Children's Activity Ideas 2-3 Years
Courtesy: Toddler Town
Handprint Family Tree
- Different coloured paint (one colour for every family member
- White card or paper
- Brown paint
- Paint brush
This handprint family tree will be a great keepsake in later years to come so using the card will help it keep its shape for longer.
Firstly you need to cut a tree trunk shape out of brown card and then stick this onto the white card. Next, you need to paint one of your child’s hands and press it onto the white card near a branch on the tree (as shown in the image)
Next, choose a different colour to paint your hand before making a print on the next branch. You can then repeat this for all members of your family to create your very own family tree.
Cardboard Shape Printing
- A selection of different colour paints.
- Cardboard tubes
- A3 size white paper
- A tray for the paints
Using cardboard tubes enables children to print shapes with an easy grip. It is a playful maths learning activity for young children.
All you need to do is make your own shape printers by folding cardboard tubes into a range of shapes.
Then demonstrate to your children how to use the tubes with the paint to print shapes and let your child explore printing.
Moon and Star Glitter
- Lolly pop stick
- Hole puncher
- Two A4 white card paper
Using the white card paper, cut out a star and a moon shape. Put glue all over the star and the moon and allow your child to decorate it using giltter . Using the hold puncher, punch two holes, one at the top of the moon and the other on the star.
Then cut some of the string and put it through the hole and tie a knot. Then tie the other end of the sting on the lolly pop stick and your star and moon are ready for your house decoration.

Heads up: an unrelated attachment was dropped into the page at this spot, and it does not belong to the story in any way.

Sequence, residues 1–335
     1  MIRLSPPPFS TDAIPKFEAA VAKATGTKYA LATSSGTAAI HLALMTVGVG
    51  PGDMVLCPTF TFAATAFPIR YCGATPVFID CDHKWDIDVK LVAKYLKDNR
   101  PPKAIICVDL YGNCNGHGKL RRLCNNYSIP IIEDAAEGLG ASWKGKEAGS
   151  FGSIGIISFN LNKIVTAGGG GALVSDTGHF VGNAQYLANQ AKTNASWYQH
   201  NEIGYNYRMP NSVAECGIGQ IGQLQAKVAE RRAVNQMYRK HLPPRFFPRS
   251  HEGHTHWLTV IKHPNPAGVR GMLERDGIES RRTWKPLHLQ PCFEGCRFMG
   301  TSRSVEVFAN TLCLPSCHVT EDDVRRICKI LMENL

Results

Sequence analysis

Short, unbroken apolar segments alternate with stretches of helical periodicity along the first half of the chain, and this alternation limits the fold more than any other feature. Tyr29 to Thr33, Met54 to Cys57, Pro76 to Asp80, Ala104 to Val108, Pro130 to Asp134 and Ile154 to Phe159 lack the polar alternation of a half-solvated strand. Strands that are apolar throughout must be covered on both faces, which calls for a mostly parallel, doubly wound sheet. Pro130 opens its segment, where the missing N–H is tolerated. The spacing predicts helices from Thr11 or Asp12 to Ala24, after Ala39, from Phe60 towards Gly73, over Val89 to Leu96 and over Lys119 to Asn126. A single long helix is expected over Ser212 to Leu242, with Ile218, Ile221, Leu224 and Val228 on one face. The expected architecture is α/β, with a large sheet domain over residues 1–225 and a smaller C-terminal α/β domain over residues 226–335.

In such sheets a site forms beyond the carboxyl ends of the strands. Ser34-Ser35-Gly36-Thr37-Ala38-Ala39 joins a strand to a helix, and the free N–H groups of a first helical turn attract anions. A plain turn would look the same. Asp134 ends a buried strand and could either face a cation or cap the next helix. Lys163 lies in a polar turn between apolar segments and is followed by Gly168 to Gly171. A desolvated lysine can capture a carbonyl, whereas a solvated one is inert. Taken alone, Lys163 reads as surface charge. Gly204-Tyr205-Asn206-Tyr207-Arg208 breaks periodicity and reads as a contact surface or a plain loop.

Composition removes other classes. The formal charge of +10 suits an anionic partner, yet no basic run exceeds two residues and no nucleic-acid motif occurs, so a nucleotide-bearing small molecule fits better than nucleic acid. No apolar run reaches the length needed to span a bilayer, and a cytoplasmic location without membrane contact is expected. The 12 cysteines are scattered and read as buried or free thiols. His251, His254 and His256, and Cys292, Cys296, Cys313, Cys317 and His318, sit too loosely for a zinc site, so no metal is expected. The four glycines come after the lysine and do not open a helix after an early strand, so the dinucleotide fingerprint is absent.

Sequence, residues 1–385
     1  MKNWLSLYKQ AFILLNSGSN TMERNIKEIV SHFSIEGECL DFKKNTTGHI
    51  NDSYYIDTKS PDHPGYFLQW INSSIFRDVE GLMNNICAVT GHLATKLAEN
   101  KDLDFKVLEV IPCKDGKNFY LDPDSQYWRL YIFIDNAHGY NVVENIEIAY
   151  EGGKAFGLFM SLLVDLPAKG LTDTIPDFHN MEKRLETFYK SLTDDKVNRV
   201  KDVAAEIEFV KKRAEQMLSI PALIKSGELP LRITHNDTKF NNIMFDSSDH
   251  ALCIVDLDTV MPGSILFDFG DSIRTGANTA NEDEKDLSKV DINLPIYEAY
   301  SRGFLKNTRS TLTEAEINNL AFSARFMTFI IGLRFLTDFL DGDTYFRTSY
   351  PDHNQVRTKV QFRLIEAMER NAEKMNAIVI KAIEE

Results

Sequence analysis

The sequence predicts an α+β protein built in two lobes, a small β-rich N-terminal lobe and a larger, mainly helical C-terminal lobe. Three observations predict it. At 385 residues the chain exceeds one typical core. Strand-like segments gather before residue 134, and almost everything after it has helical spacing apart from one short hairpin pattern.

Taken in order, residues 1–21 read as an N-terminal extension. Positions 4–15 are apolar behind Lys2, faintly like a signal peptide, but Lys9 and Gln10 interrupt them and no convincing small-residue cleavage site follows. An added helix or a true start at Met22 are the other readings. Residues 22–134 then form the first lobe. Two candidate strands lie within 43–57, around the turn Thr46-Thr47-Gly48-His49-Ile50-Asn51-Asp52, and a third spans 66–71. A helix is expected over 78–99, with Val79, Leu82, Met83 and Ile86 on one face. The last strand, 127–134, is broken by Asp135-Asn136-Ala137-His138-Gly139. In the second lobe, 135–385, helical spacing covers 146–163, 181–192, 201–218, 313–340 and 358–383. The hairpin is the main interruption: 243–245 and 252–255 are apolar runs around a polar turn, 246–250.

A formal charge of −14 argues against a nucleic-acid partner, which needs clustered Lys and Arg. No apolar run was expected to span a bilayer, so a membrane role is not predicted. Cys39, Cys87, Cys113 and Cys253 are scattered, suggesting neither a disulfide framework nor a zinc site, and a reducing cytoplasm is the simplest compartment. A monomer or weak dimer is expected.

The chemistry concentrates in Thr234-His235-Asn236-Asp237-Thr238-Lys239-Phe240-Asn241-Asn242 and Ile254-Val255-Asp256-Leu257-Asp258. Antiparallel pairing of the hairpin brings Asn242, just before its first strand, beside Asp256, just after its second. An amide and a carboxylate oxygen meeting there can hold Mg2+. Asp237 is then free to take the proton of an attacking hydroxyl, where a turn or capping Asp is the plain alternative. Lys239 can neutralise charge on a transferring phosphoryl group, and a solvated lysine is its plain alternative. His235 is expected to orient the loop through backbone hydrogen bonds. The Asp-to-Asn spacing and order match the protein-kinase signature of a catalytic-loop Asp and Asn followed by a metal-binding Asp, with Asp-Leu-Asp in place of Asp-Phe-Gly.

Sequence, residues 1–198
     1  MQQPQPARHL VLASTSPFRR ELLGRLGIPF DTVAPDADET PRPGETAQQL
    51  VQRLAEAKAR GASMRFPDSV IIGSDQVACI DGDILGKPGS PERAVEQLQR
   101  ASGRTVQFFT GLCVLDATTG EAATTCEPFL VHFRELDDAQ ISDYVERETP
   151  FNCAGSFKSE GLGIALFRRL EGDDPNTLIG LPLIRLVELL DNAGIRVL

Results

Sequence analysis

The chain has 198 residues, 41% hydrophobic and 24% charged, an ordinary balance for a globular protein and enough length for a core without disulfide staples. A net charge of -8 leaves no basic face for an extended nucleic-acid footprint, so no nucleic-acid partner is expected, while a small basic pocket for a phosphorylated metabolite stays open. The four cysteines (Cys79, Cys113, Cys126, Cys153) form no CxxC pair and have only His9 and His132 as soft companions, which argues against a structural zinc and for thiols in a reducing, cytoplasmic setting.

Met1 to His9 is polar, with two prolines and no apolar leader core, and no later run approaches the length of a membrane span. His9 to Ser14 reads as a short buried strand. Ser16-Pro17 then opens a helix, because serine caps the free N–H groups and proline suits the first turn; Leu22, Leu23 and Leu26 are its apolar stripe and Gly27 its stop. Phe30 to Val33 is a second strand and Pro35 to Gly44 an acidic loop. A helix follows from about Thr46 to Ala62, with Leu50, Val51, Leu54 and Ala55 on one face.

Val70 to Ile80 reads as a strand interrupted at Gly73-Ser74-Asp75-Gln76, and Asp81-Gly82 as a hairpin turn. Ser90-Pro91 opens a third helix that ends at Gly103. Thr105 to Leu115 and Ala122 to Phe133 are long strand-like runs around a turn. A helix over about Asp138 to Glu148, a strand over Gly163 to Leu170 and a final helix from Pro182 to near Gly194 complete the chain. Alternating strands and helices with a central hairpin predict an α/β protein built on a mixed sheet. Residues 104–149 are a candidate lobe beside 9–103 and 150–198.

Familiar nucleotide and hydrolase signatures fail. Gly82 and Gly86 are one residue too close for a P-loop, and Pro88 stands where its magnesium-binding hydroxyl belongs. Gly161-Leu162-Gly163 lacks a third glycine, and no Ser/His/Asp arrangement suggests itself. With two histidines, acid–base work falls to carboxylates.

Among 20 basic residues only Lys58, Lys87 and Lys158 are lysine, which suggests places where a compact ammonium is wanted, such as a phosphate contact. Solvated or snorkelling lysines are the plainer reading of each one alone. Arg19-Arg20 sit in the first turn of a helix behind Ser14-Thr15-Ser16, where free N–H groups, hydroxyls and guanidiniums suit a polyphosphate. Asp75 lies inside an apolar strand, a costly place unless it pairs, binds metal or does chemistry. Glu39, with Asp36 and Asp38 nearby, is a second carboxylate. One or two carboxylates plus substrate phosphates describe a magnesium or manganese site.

- Paper plate
- Black Marker Pen
- Orange and Yellow Paint
This is a great craft idea to let your children explore the feel of paint and to allow them to create their own marks on paper. All you need is a paper plate and some orange and yellow paint.
The best way to let children explore is to squeeze a good sized amount of both paints onto the paper and then encourage your children to put their hands into it. You can demonstrate how to move the paint around and let them explore with it for as long as they like.
Once they have finished you can let the paint dry then simply take a pair of scissors and make small snips into the edge of the paper plate to make a mane like effect. You can then draw on some eyes, a nose and a mouth to finish off your lion!
Sensory bottles can help children’s exploration, observation and experimental skills and are a great resource for babies and toddlers.
All you need to do is save some small water bottles and fill them with a range of different resources. These can be things such as water, glitter, oil, food colouring, rice and so much more. Just remember to tape the lids incase any of those little fingers manage to work out how to unscrew the lid!
For ideas please visit this website.